She remembered the spring nights before her wedding. She had lain in a twenty-seven-year-old girl’s bed, a high iron bed lacquered brown, curtained with yellow satin, at home in the judge’s house, spending a month’s engagement before the wedding. And in that high brown-lacquered bed she had seen the spring dawns breaking, greenish, watery blue and gold, into a bright leafless world. France, Germany, England, the whole of Europe and the whole world were in a bloody conflict, utterly destroying the spirit that until 1914 had been part of the same world she, a woman of 1916, was lying in, still only partially awakened, awaiting the full opening of the wonder of love. As, in this ice-bright atmosphere, she awaited her initiation into the mystery of passion, elsewhere in the sweeter, warmer spring of Europe, among blossoming fruit trees, a million women were experiencing what would happen to her three years later. The war that was dragging their menfolk to the slaughter was manufacturing a strumpet-approved, legally-sanctioned need in men previously faithful and clean, rushing them into a hell where the, until then, wife’s province, sacredly clothed in tenderness and passion, was turning men into onanists, homosexuals, frequenters of camp-following prostitutes. Accepted values, fidelity, love, decency were being trampled into the mud, together with everything else – set aside as trivialities beneath consideration.

But she saw day breaking through an ice-bright atmosphere, lying in her bed, a virginal white cold body wrapped in a white nightdress, rather chilly under her thin grey blanket now that the double glazing had been taken down. She watched through the dawns, shivery with cold, and thinking about Artur, full of joy, tenderness and a daring ecstasy. About six the servant came and lit the fire in the round white-glazed stove, and she watched from her bed the rose-coloured flames springing up, the thin bluish leaflike wreathings of the smoke, and everything consuming to ash.

Outside she encountered a landscape with the trees still leafless and budless in the bluish rarefied air – a strangely spiritualised landscape, its peculiar ethereality coming precisely from those leafless trees. Daily on her walks she observed a little hill that rose about twenty metres above the otherwise even terrain. It stood open and naked except for a covering of grey grass, with a large willow tree glowing goldenly on top, covered with bright yellowish flower stems, and a thick birch tree broken off in the middle: fine ice-coloured and black bunches of twigs burst out of its trunk into the greyly shimmering light. She had never been to Italy as yet; but she thought the hillock with its leafless trees was like some Sienese landscape transported to Finland. She had seen something similar in a painting by an old religious master, she couldn’t remember who – just such a holy radiant hillock.

And one light summer evening, with the crescent moon hanging in an attenuated sky and the Plough’s seven stars showing as tiny white points, Artur came. They were engaged the next day, and knowing nothing of that strong current she was plunging her virginal white body into, she accompanied Artur into the purple bedroom in their newly built home.

That rosewood table had stood at their bedside. There had been a mirror on it; she had watched her reflection in its surface in the mornings as, bare-armed, she braided her thick black locks. In it she had seen her face, its passion sweetly spent, a young white face, every muscle thrilling with tenderness, her large eyes radiant with tender love and joy. And Arthur had watched her from the bed, his adorable body naked; and every morning before her husband rose she sank on to the bed by his feet and caressed them with her hands and her luxuriant hair.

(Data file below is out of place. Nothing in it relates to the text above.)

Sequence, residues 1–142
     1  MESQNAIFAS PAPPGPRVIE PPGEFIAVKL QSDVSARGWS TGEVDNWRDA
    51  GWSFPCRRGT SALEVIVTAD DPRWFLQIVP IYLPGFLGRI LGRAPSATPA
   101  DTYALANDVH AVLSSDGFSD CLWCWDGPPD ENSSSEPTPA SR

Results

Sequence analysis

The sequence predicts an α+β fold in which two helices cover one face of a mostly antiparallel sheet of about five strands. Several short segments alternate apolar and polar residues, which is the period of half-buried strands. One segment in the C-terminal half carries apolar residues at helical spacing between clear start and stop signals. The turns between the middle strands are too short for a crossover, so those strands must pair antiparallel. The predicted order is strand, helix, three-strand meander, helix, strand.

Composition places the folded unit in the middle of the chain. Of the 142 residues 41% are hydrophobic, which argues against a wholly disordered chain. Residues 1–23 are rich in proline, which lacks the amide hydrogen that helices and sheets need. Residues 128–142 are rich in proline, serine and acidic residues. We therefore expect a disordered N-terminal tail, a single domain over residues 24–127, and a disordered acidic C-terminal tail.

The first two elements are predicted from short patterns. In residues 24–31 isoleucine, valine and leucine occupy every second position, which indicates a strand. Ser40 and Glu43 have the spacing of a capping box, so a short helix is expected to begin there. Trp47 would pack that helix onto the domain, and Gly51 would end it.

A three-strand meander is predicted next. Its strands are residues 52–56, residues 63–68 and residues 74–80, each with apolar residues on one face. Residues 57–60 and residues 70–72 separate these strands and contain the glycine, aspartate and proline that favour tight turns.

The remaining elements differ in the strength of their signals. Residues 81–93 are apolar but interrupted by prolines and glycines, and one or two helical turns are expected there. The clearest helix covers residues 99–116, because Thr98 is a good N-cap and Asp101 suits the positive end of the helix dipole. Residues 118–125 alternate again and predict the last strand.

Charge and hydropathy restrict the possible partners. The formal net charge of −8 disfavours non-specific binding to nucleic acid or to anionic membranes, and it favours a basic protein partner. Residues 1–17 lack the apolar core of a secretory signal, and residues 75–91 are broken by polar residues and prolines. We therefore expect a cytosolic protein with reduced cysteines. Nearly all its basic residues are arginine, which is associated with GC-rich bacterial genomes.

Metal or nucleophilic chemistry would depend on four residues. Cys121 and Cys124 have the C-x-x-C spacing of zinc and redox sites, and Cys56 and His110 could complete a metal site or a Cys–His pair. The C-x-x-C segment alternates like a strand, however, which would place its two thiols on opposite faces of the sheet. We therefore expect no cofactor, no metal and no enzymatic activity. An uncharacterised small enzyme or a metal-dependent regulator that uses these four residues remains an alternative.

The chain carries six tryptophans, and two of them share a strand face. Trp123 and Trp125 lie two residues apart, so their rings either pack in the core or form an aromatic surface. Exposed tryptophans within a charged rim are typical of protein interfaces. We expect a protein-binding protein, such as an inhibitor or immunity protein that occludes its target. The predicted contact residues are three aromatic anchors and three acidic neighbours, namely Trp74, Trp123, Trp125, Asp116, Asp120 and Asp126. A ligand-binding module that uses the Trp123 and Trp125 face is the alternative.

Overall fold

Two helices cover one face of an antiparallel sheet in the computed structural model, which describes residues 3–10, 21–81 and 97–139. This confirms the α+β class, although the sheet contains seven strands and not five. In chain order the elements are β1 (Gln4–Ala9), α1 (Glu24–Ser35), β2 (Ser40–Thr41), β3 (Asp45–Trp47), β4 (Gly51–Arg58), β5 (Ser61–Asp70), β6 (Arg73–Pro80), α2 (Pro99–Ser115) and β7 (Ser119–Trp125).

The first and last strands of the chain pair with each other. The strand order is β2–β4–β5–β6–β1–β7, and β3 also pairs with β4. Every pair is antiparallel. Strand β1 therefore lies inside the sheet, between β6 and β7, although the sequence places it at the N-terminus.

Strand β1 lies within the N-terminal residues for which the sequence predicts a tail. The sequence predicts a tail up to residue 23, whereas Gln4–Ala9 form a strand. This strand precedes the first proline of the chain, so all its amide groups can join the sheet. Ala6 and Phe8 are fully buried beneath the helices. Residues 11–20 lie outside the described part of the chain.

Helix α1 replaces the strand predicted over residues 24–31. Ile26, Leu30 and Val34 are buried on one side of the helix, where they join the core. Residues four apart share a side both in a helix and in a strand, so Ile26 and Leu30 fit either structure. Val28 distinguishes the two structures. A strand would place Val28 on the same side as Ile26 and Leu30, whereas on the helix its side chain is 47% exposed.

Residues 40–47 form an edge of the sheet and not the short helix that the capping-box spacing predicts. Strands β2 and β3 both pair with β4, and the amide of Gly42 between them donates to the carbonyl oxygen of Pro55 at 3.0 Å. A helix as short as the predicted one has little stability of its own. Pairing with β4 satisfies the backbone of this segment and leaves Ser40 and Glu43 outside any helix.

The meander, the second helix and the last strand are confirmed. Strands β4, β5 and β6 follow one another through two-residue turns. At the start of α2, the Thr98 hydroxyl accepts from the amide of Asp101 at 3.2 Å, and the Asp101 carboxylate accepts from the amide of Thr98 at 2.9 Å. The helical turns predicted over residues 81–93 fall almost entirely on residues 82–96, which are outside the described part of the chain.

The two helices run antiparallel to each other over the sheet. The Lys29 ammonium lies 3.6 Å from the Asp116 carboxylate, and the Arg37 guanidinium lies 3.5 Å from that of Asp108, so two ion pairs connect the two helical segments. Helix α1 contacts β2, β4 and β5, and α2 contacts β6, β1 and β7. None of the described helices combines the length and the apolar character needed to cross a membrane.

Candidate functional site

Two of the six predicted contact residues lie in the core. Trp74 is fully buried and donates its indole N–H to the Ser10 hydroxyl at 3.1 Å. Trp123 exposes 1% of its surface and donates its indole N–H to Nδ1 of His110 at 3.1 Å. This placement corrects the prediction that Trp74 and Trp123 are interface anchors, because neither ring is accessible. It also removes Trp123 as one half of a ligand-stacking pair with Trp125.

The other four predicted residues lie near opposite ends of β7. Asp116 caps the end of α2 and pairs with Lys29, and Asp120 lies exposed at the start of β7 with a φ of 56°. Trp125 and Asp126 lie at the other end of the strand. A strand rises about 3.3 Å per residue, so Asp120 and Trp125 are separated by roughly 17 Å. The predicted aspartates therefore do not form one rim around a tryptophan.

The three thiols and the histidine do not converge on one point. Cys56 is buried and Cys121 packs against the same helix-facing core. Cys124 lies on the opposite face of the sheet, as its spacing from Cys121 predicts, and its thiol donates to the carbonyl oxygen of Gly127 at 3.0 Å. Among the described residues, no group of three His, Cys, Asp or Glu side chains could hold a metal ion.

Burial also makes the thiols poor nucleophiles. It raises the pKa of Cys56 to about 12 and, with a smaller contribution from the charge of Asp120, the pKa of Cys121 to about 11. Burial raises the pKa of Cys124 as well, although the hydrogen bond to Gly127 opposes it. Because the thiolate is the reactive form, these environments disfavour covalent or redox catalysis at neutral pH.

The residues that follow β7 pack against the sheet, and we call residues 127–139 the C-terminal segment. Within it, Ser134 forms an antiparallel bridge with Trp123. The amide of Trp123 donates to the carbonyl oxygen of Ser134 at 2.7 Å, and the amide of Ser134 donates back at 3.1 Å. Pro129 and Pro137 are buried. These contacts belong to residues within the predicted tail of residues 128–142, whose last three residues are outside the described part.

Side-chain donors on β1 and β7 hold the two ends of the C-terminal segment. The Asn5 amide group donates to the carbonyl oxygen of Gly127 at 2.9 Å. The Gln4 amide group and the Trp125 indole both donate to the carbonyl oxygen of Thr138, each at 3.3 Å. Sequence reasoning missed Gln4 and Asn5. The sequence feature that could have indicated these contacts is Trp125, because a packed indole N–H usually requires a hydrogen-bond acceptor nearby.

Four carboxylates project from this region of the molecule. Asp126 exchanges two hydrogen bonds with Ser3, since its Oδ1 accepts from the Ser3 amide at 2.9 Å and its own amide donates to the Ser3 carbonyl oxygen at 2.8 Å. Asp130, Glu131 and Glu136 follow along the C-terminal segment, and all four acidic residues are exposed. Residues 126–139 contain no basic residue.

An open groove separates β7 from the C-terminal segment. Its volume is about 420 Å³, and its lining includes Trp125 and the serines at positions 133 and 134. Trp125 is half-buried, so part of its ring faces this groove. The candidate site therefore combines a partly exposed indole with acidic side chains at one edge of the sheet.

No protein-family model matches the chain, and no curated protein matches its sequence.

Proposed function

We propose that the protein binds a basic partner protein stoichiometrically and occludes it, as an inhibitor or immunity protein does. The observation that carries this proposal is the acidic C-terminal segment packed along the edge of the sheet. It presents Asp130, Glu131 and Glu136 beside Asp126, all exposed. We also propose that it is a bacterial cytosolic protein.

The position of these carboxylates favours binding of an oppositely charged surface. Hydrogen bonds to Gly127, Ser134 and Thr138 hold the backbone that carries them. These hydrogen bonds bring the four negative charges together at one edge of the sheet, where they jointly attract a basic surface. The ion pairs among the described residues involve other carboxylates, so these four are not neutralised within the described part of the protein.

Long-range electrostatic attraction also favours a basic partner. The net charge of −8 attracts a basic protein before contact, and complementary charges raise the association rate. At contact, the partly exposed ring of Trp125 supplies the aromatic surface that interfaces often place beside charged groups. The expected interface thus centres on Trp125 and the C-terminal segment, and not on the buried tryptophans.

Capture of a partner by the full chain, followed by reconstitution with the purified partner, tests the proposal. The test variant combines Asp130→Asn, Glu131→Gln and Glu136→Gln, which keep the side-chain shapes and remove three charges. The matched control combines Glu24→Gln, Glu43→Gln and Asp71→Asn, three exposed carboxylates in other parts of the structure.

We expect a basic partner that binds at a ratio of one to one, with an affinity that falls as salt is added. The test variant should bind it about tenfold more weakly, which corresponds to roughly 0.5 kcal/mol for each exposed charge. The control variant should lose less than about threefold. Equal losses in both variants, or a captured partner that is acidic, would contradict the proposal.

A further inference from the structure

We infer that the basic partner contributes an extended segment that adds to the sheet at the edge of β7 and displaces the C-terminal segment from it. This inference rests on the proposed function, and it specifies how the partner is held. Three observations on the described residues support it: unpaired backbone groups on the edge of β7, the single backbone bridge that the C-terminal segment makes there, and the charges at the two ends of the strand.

Once they lay together side by side in the bed, a faint fragrance of perfume from her skin lingering in the air; the rosewood table was full of flowers, the light from the black candles showing through; Artur would pick up a basket of fruit, a bottle of champagne and two thin glasses engraved with fern – rare pieces, the last two of a dozen owned by his grandfather. And she would hold the glass so as to admire the clarifying of the fern’s outline, rising into view, as it were, as the glass filled. And Artur’s hazel eyes would run over her, like hands: over her shoulders, her throat and her revealed body, which Artur had made wondrous and sacred. And she would think what a pity it was that a person’s body, the chalice of love, the cup that gave love its visible form, should go down into the grave. She had felt commiseration for both their bodies.

In her passion she would let her soft luxuriant hair spread freely on the pillow, wanton, unruly, and hot as the down inside the pillow, which they felt themselves melting into through the starched slip. And past her closed eyes there glided a vision of the moon’s golden wheel, cartwheel-sized. It rolled over a grove and suddenly released a large golden drop that rustled through the silver-shimmering leaves like an arrow or golden jet and then spurted high. Her eyelids trembled, her throat, with Artur’s lips pressed to it, throbbed, as Artur burrowed beneath her chin. They lay spent. The languor after their passion would always fill her with these visions, circulating something transparent inside her head. She squeezed her beloved’s head with her hands, and she had a vision of a tiny gold-winged bee carrying a rose in its mouth; it bounced against the bedroom ceiling. She laughed with joy, showing her sharp, bright, slightly bluish teeth. The sweating breast crushed to her own was hot and she could feel its beating heart, a sweetly intimate person’s, her husband’s, her dear one’s: a heart shaken a moment ago by a storm of passion like her own, shaken like a small leaf on a tree.

She paced backwards and forwards now in the dimming room, backwards and forwards past the table, whose greenish marble top was going grey in the dusk, past the four gilt slender-legged rare pieces, her large white head inclined as if by refraction. In the wounding thickets of memory where her thoughts were wandering each twig and leaf had the power to gather up yearning and chatter it to every breeze. Recollections of love were filling the air with a cooing and clovelike complaining. Pale-faced and exhausted, hands crossed and glued to her breast, she was pacing those departed ways, those orbits, that would not let her go. Thin, yellow, mute – agony shaking her like a flame: a martyr to passion, the thorns of tragic yarning and error piercing her temples. She was living over again her appalling, mute, bygone torment, fossilised by passion and grief. No tears washed her cheeks; they were incised instead by a fire that had left its traces of ash.